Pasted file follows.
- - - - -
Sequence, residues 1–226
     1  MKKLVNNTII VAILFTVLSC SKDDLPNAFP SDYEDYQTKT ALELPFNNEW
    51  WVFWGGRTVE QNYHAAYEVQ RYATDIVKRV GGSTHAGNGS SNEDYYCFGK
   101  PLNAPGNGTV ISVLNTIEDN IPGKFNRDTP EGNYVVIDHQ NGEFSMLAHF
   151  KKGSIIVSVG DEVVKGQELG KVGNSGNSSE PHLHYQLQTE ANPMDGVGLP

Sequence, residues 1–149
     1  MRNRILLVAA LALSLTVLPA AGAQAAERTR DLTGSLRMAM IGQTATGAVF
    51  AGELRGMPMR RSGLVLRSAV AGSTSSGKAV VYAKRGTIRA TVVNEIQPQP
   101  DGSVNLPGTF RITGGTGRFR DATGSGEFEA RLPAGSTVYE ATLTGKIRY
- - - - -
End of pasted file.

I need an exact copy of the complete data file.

Sequence, residues 1–226
     1  MKKLVNNTII VAILFTVLSC SKDDLPNAFP SDYEDYQTKT ALELPFNNEW
    51  WVFWGGRTVE QNYHAAYEVQ RYATDIVKRV GGSTHAGNGS SNEDYYCFGK
   101  PLNAPGNGTV ISVLNTIEDN IPGKFNRDTP EGNYVVIDHQ NGEFSMLAHF
   151  KKGSIIVSVG DEVVKGQELG KVGNSGNSSE PHLHYQLQTE ANPMDGVGLP

Sequence, residues 1–149
     1  MRNRILLVAA LALSLTVLPA AGAQAAERTR DLTGSLRMAM IGQTATGAVF
    51  AGELRGMPMR RSGLVLRSAV AGSTSSGKAV VYAKRGTIRA TVVNEIQPQP
   101  DGSVNLPGTF RITGGTGRFR DATGSGEFEA RLPAGSTVYE ATLTGKIRY